‘Shang-Chi’ brings new life to the MCU

Lachie Harvey, Staff Writer

With cinemas opening back up, the latest installment of the Marvel Cinematic Universe (MCU) is out for Marvel fans to see. “Shang-Chi and the Legend of the Ten Rings” is the latest and greatest superhero film on the block, featuring the first lead Asian superhero in a film in the MCU.

I had the chance to see the film’s debut on Sept. 3, so I’ll share my (spoiler-free) thoughts on it. Unlike most reviews, I won’t spend any time here going over the plot, as it follows the standard superhero movie plotline. It’s not what gives “Shang- Chi” its magic; the characters and visuals do. So I’ll be talking specifically about these aspects, alongside the film’s dialogue.

First, the characters. Shang-Chi, played by Simu Liu, is one of the most intriguing characters I’ve seen in an MCU project for some time. His story is interesting, and his superpowers are also unique. He derives his power from a set of ten rings, alongside his very refined martial arts skills.

Unfortunately, despite him being the titular character, Shang-Chi is sidelined for much of the film in favor of several side characters.

Katy, played by Awkwafina, and Fala Chen, played by Leiko Wu, both have story arcs that take up screen-time which should have been used to better develop Shang-Chi’s story. These characters are not poorly written, but they simply take up too much of “Shang-Chi’s” runtime. Aside from these two, the remainder of the supporting characters are fantastic. Tony Leung Chiu-wai’s Mandarin is a well-crafted villain who the audience can sympathize with at times. Leung’s performance is easily the best in the film, and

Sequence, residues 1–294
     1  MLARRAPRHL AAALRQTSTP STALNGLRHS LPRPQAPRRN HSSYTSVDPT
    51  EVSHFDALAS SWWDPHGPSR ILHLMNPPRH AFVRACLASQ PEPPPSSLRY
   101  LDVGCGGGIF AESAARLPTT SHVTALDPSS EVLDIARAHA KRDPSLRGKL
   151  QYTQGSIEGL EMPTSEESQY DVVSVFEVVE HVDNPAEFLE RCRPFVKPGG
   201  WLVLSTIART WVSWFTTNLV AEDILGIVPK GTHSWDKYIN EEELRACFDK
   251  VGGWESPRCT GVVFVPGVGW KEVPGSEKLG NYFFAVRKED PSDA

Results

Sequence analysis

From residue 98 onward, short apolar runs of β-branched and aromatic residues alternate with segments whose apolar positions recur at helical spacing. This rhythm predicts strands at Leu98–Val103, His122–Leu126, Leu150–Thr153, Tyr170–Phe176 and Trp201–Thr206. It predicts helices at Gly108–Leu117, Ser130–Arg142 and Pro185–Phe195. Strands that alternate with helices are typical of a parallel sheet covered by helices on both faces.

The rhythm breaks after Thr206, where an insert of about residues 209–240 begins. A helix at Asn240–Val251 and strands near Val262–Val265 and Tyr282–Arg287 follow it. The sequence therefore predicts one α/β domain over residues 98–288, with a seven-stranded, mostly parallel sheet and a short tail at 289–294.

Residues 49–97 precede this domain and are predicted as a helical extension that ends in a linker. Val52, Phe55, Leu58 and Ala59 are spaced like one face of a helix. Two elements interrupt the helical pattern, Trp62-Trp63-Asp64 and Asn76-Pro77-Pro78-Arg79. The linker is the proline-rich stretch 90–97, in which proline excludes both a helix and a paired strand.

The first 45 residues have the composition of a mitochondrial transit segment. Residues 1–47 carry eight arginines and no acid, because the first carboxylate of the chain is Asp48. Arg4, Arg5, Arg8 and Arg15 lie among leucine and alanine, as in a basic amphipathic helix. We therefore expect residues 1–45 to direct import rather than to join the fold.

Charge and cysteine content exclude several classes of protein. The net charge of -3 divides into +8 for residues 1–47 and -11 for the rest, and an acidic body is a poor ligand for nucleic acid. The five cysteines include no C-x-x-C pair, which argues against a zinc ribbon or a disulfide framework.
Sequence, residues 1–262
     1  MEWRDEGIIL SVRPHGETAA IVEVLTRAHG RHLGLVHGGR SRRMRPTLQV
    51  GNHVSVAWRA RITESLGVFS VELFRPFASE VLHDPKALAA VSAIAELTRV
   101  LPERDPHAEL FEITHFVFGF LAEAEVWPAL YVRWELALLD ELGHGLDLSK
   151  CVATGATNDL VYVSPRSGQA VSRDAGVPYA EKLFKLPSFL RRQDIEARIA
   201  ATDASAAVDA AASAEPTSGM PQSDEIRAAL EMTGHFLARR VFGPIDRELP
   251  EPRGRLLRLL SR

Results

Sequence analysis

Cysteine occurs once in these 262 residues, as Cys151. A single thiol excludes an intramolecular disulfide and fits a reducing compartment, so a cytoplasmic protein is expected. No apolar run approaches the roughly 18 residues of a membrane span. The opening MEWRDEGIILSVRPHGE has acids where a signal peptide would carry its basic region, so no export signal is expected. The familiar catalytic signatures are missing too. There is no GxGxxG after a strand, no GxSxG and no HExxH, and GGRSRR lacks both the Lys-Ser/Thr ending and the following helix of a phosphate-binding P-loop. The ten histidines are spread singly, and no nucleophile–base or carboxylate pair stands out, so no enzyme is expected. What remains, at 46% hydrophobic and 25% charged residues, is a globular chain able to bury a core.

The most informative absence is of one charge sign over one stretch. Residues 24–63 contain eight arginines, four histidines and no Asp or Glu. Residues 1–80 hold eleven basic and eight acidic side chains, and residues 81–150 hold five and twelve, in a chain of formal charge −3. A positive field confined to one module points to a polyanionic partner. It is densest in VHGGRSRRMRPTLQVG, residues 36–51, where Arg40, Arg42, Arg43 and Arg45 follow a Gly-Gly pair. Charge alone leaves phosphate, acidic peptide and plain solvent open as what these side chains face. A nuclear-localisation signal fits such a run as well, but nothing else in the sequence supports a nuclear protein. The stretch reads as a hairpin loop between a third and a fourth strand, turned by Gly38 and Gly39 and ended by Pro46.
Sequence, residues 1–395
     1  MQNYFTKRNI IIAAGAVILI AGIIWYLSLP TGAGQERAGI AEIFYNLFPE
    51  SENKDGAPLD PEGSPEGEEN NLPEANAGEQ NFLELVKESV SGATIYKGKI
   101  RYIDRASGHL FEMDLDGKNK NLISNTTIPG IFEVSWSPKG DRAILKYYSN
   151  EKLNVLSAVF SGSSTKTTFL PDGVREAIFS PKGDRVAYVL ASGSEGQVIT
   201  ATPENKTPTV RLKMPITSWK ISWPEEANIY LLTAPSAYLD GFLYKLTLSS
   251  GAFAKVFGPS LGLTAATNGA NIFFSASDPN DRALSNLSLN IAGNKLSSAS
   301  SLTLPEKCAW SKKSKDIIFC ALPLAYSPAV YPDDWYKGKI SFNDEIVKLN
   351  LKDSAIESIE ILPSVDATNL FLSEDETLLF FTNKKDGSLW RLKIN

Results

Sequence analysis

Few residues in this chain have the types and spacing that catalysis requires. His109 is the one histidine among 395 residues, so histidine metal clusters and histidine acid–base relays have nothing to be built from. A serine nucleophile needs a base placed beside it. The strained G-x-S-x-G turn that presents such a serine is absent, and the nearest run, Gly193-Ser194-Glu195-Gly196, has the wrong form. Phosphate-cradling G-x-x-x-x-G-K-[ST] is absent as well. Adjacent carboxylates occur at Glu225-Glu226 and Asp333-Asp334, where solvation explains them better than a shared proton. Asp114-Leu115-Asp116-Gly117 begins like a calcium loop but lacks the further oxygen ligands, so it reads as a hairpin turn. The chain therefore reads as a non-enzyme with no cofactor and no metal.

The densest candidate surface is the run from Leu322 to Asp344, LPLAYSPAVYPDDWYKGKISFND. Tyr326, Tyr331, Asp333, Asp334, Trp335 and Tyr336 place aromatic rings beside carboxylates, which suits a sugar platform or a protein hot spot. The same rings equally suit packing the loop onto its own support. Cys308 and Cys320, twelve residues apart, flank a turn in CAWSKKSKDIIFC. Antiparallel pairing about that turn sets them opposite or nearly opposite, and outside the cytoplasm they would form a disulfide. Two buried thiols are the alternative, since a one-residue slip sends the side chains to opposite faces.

stands out above his fellow cast members consistently throughout the movie.

The visuals in “Shang-Chi” are a roller coaster ride. Shang-Chi’s fighting sequences often had flawless and entertaining choreography. There are also sequences where the audience’s eyes are simply unable to decipher the shaky camera. The color choices were great, with a combination of dazzling blues, reds and greens that help to emphasize characters’ choices, thoughts and emotions.

The film could have benefitted from more practical scenes set in traditional Asian settings. The sequences shot in San Francisco early in the film are very accurate and appear devoid of CGI. Many of the sequences shot later in the film in a traditional Asian temple appear far more doctored and less realistic.

Finally, the dialogue. There are some lines in “Shang- Chi” that caused me to violently slap myself in the face. It’s not a constant issue, however, every so often a character will stop speaking like a human being and turn into a generic video game character. The characters also seem to slip from comical to serious in a heartbeat. This causes a lot of scenes to lose their emotional impact, but most MCU films have this issue. It does a much better job when compared to a film like “Avengers: Age of Ultron,” where characters on the brink of death constantly crack jokes. In other words, there will be times where you will be caught off guard by bad lines in an otherwise solidly written film.

Overall, while the film isn’t perfect, it’s worth watching. Shang-Chi, as a character, has the potential for a very bright future in the MCU.

6/10 Rings.